For patients with AOSD, a logistic regression analysis was performed to evaluate the effect of serum sICAM-1 levels on the occurrence of clinical features, which included Still's rash, synovitis, hepatic dysfunction, and DIC. The serum sICAM-1 level was identified as a predictor of hepatic dysfunction (odds ratio [OR] 1.016, 95% confidence interval [95% CI] 1.004–1.028; P = 0.011) and a predictor of DIC (OR 1.013, 95% CI 1.002–1.025; P = 0.023).

ICAM-1 mRNA expression in rhIL-18–stimulated PBMCs from patients with active AOSD.

We examined whether cultured PBMCs stimulated with rhIL-18 could up-regulate ICAM-1 gene expression in 5 patients with active AOSD and 3 healthy controls. As shown in Figure 3, basal levels of ICAM-1 mRNA expression were significantly higher in PBMCs from patients with active AOSD than in those from healthy controls (P < 0.05). After 24 hours of stimulation of cultured PBMCs with different concentrations of rhIL-18 (10 ng/ml and 100 ng/ml), the levels of ICAM-1 mRNA expression were significantly greater than those of unstimulated cells from patients with active AOSD (P < 0.01), in a dose-dependent manner (Figure 3). A similar trend of up-regulation of ICAM-1 mRNA expression was observed in PBMCs from healthy controls after the addition of rhIL-18 (P = 0.05).

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Figure 3. Levels of intercellular adhesion molecule 1 (ICAM-1) messenger RNA (mRNA) expression in peripheral blood mononuclear cells stimulated with different concentrations (0 ng/ml, 10 ng/ml and 100 ng/ml) of recombinant human interleukin-18 (rhIL-18) in patients with active adult-onset Still's disease (AOSD) (n = 5) and healthy controls (n = 3), were analyzed by real-time TaqMan PCR method. Data are presented with logarithmic scales of mean ± SEM. * P < 0.05 comparison of AOSD patients and healthy controls; ** P < 0.01 comparison of the levels of ICAM-1 mRNA expression in peripheral blood mononuclear cells with and without rhIL-18 stimulation in AOSD patients.

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ICAM-1 mRNA expression in biopsy specimens of Still's rash and synovitis from patients with active untreated AOSD.

Significantly higher levels of ICAM-1 mRNA expression were demonstrated in biopsy specimens of Still's rash from patients with active AOSD compared with skin specimens from normal controls (copy ratio to β-actin: 1.79 ± 0.26 versus 0.25 ± 0.05, P < 0.01) (Figure 4A). Regarding the expression of ICAM-1 transcripts on the synovial membrane, the levels of ICAM-1 mRNA expression were significantly higher in patients with active AOSD compared with OA controls (copy ratio to β-actin: 3.33 ± 0.21 versus 0.38 ± 0.04, P < 0.05) and also higher in patients with active RA compared with OA controls (copy ratio to β-actin: 4.89 ± 0.36 versus 0.38 ± 0.04, P < 0.05) (Figure 4B). The levels of ICAM-1 mRNA expression on synovial membrane were significantly higher in patients with active RA compared with those in patients with active AOSD (copy ratio to β-actin: 4.89 ± 0.36 versus 3.33 ± 0.21, P < 0.01).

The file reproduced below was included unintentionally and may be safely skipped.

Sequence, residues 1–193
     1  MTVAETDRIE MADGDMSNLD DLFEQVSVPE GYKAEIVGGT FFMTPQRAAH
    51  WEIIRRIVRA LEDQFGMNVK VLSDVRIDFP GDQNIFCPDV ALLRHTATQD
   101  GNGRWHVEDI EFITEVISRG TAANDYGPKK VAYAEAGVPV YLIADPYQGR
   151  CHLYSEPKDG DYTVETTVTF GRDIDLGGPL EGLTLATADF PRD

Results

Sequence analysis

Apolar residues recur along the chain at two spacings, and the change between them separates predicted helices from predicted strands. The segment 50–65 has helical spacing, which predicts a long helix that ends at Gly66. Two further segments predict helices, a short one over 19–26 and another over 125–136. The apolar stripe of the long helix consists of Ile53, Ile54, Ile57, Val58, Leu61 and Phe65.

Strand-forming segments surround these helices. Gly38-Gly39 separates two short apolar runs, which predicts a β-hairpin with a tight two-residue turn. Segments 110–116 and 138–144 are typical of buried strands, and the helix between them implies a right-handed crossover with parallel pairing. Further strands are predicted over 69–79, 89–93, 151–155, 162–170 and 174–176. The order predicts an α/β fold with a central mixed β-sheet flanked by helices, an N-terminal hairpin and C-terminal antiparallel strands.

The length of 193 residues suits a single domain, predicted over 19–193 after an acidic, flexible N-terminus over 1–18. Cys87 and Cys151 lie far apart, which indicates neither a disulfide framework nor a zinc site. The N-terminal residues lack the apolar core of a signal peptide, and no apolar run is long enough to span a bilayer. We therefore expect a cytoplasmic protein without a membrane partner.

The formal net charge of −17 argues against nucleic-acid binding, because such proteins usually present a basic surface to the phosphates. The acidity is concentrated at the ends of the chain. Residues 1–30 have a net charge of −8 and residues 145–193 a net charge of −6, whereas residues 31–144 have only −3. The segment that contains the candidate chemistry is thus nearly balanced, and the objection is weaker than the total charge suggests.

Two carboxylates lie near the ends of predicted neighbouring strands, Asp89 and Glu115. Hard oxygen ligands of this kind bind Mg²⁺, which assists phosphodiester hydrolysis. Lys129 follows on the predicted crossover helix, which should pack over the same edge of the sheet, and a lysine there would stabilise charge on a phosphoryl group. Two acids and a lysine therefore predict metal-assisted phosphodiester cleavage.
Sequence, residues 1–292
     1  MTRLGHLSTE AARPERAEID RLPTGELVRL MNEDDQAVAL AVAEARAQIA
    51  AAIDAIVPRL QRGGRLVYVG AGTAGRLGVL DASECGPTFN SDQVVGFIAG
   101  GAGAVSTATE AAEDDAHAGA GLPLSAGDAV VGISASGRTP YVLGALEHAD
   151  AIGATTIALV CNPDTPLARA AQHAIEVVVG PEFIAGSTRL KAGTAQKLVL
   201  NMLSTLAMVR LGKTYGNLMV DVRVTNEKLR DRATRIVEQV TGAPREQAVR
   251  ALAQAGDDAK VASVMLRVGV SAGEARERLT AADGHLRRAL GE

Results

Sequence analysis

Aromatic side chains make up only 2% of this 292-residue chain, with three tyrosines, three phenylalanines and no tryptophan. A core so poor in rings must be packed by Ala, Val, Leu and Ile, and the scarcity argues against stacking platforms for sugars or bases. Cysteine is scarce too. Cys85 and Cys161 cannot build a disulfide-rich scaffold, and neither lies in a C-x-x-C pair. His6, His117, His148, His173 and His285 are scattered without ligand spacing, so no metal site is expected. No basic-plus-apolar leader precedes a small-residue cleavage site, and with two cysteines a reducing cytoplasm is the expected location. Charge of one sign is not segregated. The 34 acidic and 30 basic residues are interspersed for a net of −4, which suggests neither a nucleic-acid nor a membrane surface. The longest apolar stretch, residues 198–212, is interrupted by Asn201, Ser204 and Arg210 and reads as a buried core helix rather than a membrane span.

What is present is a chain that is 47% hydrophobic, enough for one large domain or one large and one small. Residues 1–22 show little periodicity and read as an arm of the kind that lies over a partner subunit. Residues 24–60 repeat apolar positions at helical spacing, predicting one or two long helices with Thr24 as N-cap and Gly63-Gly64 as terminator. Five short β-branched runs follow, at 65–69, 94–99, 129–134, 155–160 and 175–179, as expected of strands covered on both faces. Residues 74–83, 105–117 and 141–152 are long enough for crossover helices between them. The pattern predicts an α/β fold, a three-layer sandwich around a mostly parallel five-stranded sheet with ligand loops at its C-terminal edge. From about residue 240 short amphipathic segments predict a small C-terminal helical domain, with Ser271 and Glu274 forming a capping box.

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Figure 4. Levels of intercellular adhesion molecule 1 (ICAM-1) messenger RNA expression in A) biopsy specimens obtained from the skin lesions of patients with active adult onset Still's disease (AOSD; n = 8) and from patients with healthy skin (normal controls; n = 4), and B) in the biopsy specimens obtained from the synovial membranes from patients with active AOSD (n = 6), from patients with active rheumatoid arthritis (RA; n = 6) and from patients with osteoarthritis (OA; n = 4), were analyzed by real-time TaqMan PCR method. Data are presented as mean ± SEM. P values are provided for comparison of different groups.

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DISCUSSION

  1. Top of page
  2. Abstract
  3. INTRODUCTION
  4. MATERIALS AND METHODS
  5. RESULTS
  6. DISCUSSION
  7. REFERENCES

ICAM-1 (CD54) is a cytokine-inducible member of the immunoglobulin superfamily and plays a central role in the cell-to-cell–mediated immune response (4, 7, 8). Circulating sICAM-1 is thought to be cleaved from the surface of ICAM-1–expressing cells (10, 11). The pathophysiologic role of sICAM-1 has not been well elucidated. It has been suggested that sICAM-1 might regulate the activation of leukocytes in the interaction with endothelium, might compete in ICAM-1–mediated cell-to-cell adhesion, or might simply reflect activation of endothelial cells and immunocompetent cells (29–31). Previous studies have shown high sICAM-1 levels in serum from patients with autoimmune diseases (12–15). This is the first study to demonstrate that serum sICAM-1 levels were significantly higher in patients with active AOSD than in healthy controls (Figure 1). Furthermore, serum levels of sICAM in patients with AOSD correlated well with the clinical activity score (r = 0.565, P < 0.001) and the serum ferritin value (r = 0.462, P < 0.005), which is considered to be a marker for adult Still's disease activity (32). Our results indicate that sICAM-1 may play an important role in the pathogenesis of the acute inflammatory process in AOSD, although no significant correlation between sICAM-1 levels and the peripheral blood leukocyte counts were observed. This suggests that elevated levels of sICAM-1 in sera from patients with AOSD simply did not reflect raised levels of leukocytes.